We rolled Sam into his bunk and propped his four kit bags around
him. Immediately he went into a deep sleep, snoring contentedly. It was
a very rough crossing and the rest of us got no sleep, but Sam snored on.
In the morning we docked at Liverpool and it was back again to hauling
kit. But looking at Sam’s kit, and him peacefully sleeping, I decided just
to leave him there.
I have often entertained myself by wondering, and hoping, that when
Sam did awake, the boat would be back again in Belfast, and that he spent
the rest of his life on the Old Sod.
FEATURING KEN HILL
President - Ex-Air Gunner’s Association, Southern Ontario Chapter
Ken served as an Air Gunner with 425 Squadron and is one
of the early members of our Association having Membership #0070.
DECEASED AGA MEMBERS: SEPTEMBER
BELL, K. J. #0460, PORT COCQUITLAM, BC: Keith passed away June
10th, Enlisted in Toronto October '42. Attended #2 Wireless
School, Calgary and received his WAG Brevet at #6 B&G Mountain View.
Served overseas with Coastal Command at Tenby, So. Wales, Hooten Park and
Blackpool from Oct. '43 to June '44. Posted to Bomber Command and
served with #431 Squadron at Croft, Yorkshire from Sept. '44 to May '45.
LARSON, W. J. #0942, MEDICINE HAT, AB: Wilfred passed away August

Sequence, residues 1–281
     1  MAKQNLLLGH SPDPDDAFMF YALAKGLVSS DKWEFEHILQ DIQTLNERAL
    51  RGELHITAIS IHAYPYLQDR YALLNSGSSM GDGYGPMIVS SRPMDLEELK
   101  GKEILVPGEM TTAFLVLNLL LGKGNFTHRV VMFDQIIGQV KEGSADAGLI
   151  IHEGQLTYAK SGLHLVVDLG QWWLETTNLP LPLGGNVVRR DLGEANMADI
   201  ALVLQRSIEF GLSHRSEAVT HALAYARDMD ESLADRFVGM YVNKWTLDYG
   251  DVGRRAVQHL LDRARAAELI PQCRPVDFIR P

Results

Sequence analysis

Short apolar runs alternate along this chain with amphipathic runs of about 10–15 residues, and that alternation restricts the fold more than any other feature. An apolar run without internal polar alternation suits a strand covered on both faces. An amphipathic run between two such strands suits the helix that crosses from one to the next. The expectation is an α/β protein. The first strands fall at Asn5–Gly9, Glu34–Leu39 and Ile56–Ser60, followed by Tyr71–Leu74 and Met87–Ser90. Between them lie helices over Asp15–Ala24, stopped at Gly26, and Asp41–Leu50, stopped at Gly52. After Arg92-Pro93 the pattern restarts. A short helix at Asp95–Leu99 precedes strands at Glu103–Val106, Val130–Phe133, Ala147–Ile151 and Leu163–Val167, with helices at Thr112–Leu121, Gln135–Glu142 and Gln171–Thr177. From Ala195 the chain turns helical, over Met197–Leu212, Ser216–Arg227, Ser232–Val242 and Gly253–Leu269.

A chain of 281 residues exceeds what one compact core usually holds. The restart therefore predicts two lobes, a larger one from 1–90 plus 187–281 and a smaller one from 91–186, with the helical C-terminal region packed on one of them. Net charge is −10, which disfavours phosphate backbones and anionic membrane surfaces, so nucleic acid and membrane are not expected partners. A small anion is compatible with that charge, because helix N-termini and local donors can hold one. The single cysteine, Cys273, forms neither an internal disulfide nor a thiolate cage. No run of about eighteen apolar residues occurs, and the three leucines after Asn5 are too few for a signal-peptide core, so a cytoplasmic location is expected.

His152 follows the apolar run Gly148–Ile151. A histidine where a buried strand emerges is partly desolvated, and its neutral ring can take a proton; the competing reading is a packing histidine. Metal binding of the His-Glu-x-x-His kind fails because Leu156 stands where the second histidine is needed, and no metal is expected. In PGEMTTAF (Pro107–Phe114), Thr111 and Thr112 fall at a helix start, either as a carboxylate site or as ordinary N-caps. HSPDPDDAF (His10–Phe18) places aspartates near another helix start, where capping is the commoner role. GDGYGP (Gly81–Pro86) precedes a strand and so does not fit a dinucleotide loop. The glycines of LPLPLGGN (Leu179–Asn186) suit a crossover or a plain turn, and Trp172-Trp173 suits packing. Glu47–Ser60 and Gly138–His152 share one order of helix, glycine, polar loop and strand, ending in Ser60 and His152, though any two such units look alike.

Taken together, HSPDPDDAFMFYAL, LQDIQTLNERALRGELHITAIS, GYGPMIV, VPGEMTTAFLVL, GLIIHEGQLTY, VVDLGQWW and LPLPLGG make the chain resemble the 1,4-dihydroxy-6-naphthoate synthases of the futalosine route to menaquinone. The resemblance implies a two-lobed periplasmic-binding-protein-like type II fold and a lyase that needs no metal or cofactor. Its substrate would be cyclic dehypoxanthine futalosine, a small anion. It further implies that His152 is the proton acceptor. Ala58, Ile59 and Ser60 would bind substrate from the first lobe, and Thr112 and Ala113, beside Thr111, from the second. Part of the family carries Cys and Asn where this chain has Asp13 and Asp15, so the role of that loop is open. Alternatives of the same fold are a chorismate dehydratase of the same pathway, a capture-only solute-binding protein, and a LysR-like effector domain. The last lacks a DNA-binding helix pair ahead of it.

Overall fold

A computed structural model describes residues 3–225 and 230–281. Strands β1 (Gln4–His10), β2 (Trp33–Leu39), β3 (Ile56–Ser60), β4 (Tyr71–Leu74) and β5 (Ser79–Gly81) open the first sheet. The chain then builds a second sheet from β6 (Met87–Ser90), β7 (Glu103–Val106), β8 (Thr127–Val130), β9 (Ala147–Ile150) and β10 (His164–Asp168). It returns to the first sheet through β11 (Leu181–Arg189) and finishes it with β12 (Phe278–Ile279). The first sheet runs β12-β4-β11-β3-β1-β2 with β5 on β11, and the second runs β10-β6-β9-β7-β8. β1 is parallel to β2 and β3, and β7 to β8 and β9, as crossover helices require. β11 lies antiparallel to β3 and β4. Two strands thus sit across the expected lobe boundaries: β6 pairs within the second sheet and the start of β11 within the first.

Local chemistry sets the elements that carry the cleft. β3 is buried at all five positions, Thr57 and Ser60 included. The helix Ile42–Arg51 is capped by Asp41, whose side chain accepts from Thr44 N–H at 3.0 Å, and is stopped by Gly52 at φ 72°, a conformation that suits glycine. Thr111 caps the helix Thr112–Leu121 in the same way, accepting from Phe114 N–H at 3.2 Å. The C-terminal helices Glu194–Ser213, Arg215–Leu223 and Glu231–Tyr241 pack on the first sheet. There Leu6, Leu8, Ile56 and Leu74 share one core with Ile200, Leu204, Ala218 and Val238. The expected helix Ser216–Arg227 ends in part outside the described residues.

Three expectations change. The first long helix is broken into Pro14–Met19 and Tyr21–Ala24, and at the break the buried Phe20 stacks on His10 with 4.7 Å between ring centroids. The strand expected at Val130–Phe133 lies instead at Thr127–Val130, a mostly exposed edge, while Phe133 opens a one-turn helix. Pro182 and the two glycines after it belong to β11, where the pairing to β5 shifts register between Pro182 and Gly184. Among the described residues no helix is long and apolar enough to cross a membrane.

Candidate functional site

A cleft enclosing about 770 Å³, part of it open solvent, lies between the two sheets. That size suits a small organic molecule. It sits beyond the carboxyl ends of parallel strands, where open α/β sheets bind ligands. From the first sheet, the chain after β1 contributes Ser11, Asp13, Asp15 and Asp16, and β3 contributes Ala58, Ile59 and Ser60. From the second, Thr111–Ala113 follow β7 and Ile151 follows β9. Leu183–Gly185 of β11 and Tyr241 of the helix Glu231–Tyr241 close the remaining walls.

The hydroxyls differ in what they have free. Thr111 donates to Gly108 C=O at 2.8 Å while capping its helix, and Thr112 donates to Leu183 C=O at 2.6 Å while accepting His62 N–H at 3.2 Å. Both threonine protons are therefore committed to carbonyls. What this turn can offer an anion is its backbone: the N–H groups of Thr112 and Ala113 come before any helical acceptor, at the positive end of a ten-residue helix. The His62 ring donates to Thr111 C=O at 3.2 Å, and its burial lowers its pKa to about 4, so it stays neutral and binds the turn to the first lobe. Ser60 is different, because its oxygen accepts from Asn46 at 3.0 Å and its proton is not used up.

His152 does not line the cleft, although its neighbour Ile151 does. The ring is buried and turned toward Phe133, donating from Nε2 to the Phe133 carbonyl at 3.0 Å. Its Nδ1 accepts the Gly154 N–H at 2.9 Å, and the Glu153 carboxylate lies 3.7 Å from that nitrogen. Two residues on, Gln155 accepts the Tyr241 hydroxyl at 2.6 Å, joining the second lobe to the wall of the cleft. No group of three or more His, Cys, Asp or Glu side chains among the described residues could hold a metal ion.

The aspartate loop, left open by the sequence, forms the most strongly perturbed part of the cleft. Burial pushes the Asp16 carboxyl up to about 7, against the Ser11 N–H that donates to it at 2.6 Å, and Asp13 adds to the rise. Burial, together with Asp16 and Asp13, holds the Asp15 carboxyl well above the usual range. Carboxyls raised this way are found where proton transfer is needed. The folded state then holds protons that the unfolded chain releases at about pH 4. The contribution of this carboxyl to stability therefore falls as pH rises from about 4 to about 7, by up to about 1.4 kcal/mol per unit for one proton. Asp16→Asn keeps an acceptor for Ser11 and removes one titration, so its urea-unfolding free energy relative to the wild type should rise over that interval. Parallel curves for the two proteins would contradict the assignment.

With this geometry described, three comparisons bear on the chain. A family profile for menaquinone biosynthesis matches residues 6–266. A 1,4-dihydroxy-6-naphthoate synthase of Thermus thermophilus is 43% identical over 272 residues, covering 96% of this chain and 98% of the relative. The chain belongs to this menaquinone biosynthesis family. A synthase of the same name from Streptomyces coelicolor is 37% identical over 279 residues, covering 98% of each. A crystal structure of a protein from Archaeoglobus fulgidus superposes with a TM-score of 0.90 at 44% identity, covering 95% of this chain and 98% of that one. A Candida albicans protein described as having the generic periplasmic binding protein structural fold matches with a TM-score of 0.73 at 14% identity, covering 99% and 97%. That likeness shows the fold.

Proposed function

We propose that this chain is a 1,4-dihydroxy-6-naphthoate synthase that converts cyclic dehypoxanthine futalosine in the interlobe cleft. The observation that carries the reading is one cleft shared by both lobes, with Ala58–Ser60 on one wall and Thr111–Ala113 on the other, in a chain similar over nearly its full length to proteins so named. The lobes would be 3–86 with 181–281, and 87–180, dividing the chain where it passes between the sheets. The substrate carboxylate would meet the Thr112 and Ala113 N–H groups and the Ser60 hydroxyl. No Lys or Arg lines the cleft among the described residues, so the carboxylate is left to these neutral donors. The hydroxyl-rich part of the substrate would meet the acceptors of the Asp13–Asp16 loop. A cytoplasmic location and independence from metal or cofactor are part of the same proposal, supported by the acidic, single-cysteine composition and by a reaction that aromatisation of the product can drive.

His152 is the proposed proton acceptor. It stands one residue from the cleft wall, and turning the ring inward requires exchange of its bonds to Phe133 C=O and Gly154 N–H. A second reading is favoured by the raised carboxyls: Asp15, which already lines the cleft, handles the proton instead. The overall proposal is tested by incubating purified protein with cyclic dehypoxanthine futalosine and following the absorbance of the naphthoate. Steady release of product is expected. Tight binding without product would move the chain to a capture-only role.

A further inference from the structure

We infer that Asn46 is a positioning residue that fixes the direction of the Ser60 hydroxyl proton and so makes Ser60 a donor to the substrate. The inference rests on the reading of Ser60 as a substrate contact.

10th. Enlisted Dec. 11, 1942 in Calgary at age 21 and assigned to
#3 Manning Depot at Edmonton where he was classified at General Duties.
Posted to 14X Depot, Regina packing practice Bombs for about six months
then remustered to Aircrew for Air Gunner Training. Posted to McGill
University in Montreal for PAED and earned his Air Gunner Brevet at #9
B&G at Mont Jolie. After partaking some Commando Training at
Valleyfield, Wilf was sent overseas on the Empress of Scotland. After
attending OTU and HCU he arrived at Leemington Yorkshire to join 427 Squadron
on Nov. 3, 1944 completing 27 Ops - half on Hallies and the rest on Lancs.
LAPOINT, LONDON, ON: Harold LaPointe wishes to inform that
his wife BETTY JEAN passed away August 19th after a very lengthy illness.
Many of you or your Spouse may remember Betty attending a couple of our
Reunions. You will certainly remember Harold who attended most if
not all of our Reunions - and he sends his best regards to you all!